Fair Play to Starbucks

Re: Fair Play to Starbucks

Postby GrahamH » Wed Nov 30, 2005 3:38 am

lol - wouldn't be surprise me though as it seems to be rather hot and steamy in there at the minute, completely jammers the three occasions I've passed at different times of the past two days. No one seems to want to go outside - suppose it is November...

It's not as anything spectacular has been done here now - think this thread is getting everyone's hopes up :)
They have only chucked a couple of tables and chairs out onto a concrete pavement after all:

Image

Image

Image


Should be a delight to sit here during the summer in the dappled sun piercing through the plane trees, though you'd have to ask, why doesn't the City Council install public seating here instead for the public to enjoy Foster Place, rather than preserve the area for the exclusive benefit of the customers of a retail outlet? If people want to bring their coffee out onto these seats then so be it?

The real, secret reason :) everyone likes Foster Place is because it feels like London, not Dublin. The architecture is very much so that of London, as is the intimate historic atmosphere that is very rare in Dublin today; suppose the Castle Upper Yard would be one of the few other areas that still has this.
Imagine living in one of the two townhouses here - surely the most desirable residences in Dublin?!

Image

Both of them were up for sale a few weeks ago.

The only problem with 'developing' or 'expoiting this underutilised area' is that this will spoil the very essence of the place - it is perfect as it is: quiet, secluded and largely unknown. Though the way Bank of Ireland dominate the space as if they own it with security cameras and delivery trucks needs to change alright. You always feel you shouldn't be there, and are being watched...
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Re: Fair Play to Starbucks

Postby Morlan » Wed Nov 30, 2005 3:56 am

asdasd wrote:I drank outside on Fosters place yesterday. .


How did you find the level of traffic? And those taxis, were they not a little annoying?
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Re: Fair Play to Starbucks

Postby asdasd » Wed Nov 30, 2005 4:03 am

The taxis are a bit annoying, but not overwhelmingly so. The place to sit is where the girl in the read coat is sitting. Away from Dame street traffic.
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Re: Fair Play to Starbucks

Postby Morlan » Wed Nov 30, 2005 4:10 am

Ah, some pics!

It's been a while since I was down Foster. I had it in my head the the Starbucks building was a quality corner structure.

Now, the lower facade isn't to bad. If only they'd used the same render on the upper floors, I think it would look much better.

Not to dis your photos, Graham, but the place looks pretty cold and miserable, which it is.

I'm going to take a trip down there myself tomorrow to see what the story is, shall return with pics.
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Re: Fair Play to Starbucks

Postby GrahamH » Wed Nov 30, 2005 4:21 am

Well it's going to be

shagging cold


and miserable tomorrow too, so it ain't gonna look much better :)

Always liked the corner building there, strangly decent and sympathetic to the BoI for what seems to be a 70s? building.

Though compared with what used to be there - sob :(

Image
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Re: Fair Play to Starbucks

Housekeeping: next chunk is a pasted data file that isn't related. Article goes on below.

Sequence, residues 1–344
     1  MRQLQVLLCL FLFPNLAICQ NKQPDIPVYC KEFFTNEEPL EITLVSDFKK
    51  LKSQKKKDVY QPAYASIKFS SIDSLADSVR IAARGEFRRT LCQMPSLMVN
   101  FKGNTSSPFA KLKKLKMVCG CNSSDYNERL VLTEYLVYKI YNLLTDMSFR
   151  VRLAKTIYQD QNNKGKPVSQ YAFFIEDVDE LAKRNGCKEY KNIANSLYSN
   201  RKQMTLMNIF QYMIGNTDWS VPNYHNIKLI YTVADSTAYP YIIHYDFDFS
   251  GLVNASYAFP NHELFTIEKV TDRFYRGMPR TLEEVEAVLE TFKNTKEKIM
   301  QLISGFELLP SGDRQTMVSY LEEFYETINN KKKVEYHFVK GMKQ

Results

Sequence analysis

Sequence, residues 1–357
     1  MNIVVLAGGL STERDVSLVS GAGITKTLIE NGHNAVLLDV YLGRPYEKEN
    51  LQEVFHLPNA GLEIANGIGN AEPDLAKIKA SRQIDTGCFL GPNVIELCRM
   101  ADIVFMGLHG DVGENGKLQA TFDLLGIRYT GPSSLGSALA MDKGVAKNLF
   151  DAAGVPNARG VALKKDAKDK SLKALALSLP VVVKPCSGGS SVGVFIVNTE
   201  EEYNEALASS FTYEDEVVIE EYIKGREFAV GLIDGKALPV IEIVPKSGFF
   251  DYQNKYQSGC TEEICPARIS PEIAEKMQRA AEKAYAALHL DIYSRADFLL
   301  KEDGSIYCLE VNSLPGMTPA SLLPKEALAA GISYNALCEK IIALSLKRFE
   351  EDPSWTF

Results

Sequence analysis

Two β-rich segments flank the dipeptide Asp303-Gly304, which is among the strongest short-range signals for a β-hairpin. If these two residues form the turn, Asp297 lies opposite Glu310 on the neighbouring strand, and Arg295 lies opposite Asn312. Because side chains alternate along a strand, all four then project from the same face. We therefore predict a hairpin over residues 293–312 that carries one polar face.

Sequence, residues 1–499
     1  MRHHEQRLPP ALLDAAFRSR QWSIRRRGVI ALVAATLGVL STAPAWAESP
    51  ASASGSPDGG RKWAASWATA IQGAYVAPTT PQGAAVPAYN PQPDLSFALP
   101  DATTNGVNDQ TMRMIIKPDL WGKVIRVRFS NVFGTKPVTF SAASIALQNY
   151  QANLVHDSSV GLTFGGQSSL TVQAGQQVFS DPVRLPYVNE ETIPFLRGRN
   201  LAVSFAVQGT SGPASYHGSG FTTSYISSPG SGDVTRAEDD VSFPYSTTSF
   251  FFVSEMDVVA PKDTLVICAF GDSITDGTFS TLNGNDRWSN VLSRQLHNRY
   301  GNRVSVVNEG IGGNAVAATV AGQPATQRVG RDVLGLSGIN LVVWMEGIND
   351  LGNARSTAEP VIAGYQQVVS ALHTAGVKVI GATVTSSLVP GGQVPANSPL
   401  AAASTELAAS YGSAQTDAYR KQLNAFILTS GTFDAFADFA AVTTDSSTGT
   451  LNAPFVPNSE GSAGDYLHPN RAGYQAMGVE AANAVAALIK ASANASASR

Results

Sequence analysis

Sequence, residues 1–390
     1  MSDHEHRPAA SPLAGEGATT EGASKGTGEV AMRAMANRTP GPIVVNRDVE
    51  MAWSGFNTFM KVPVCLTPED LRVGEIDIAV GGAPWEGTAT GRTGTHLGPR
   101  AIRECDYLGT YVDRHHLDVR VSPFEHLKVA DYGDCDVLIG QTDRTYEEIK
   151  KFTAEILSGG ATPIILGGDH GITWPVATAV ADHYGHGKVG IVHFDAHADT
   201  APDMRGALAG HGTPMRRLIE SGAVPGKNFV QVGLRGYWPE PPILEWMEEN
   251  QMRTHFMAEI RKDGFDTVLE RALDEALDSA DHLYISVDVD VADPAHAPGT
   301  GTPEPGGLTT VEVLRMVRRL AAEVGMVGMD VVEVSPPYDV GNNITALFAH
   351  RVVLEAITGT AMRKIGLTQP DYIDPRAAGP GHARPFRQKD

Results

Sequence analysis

Postby Morlan » Wed Nov 30, 2005 4:26 am

Absolutely criminal. Lost in the 70s for whatever pathetic reason. :mad: ARGHH
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Re: Fair Play to Starbucks

Postby ctesiphon » Wed Nov 30, 2005 1:57 pm

Morlan wrote:Now, the lower facade isn't to bad. If only they'd used the same render on the upper floors, I think it would look much better.

The 'render' on the ground floor is in fact stone, the same stone as was used in the BoI and channelled in the same manner.
Agreed though that as a 70s 'infill' it's one of the best in the city.

I never knew that the pair in the corner was for sale recently. (Not that I'd have been in a position... :( ) It's been an ambition to call one of them home for a long time now. I wonder do they need a caretaker...?
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Re: Fair Play to Starbucks

Postby Rory W » Thu Dec 01, 2005 5:41 pm

I don't think Foster Place should be linked into Temple Bar whatsoever - it's a charming little street, why spoil it by linking it into our "British Stag Night containment unit". Trtust me the malignancy of chain restaurants and theme bars would soon creep in.

The old AIB would make a fantastic high end restaurant, but it wouldn't take off if it was tarred with the Temple Bar brush
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Re: Fair Play to Starbucks

Postby Devin » Fri Dec 02, 2005 2:55 am

Another plus for Foster's Place as a public space is that it has a genuine historic stone sett surface (you can partly see it there in one of Graham's photos) - the setts are tightly laid and comfortable to walk on, like you would find for example in a French city - whereas the sett surfaces in Temple Bar, which mostly date from the early '90s, are not well laid and not very comfortable to walk on.
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Re: Fair Play to Starbucks

Postby GrahamH » Fri Dec 02, 2005 3:01 am

Indeed - a fine solid surface that adds such charm to the place:

Image

The granite kerbs around the bases of the trees are a nice touch.

Wonder if the tunnel to Daly's Club still runs underneath...
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Re: Fair Play to Starbucks

Postby Devin » Fri Dec 02, 2005 3:26 am

Yes, that's nice. You can really see the quality there. It's a gorgeous surface! The few genuine sett surfaces that survive around the city need to be jealously guarded!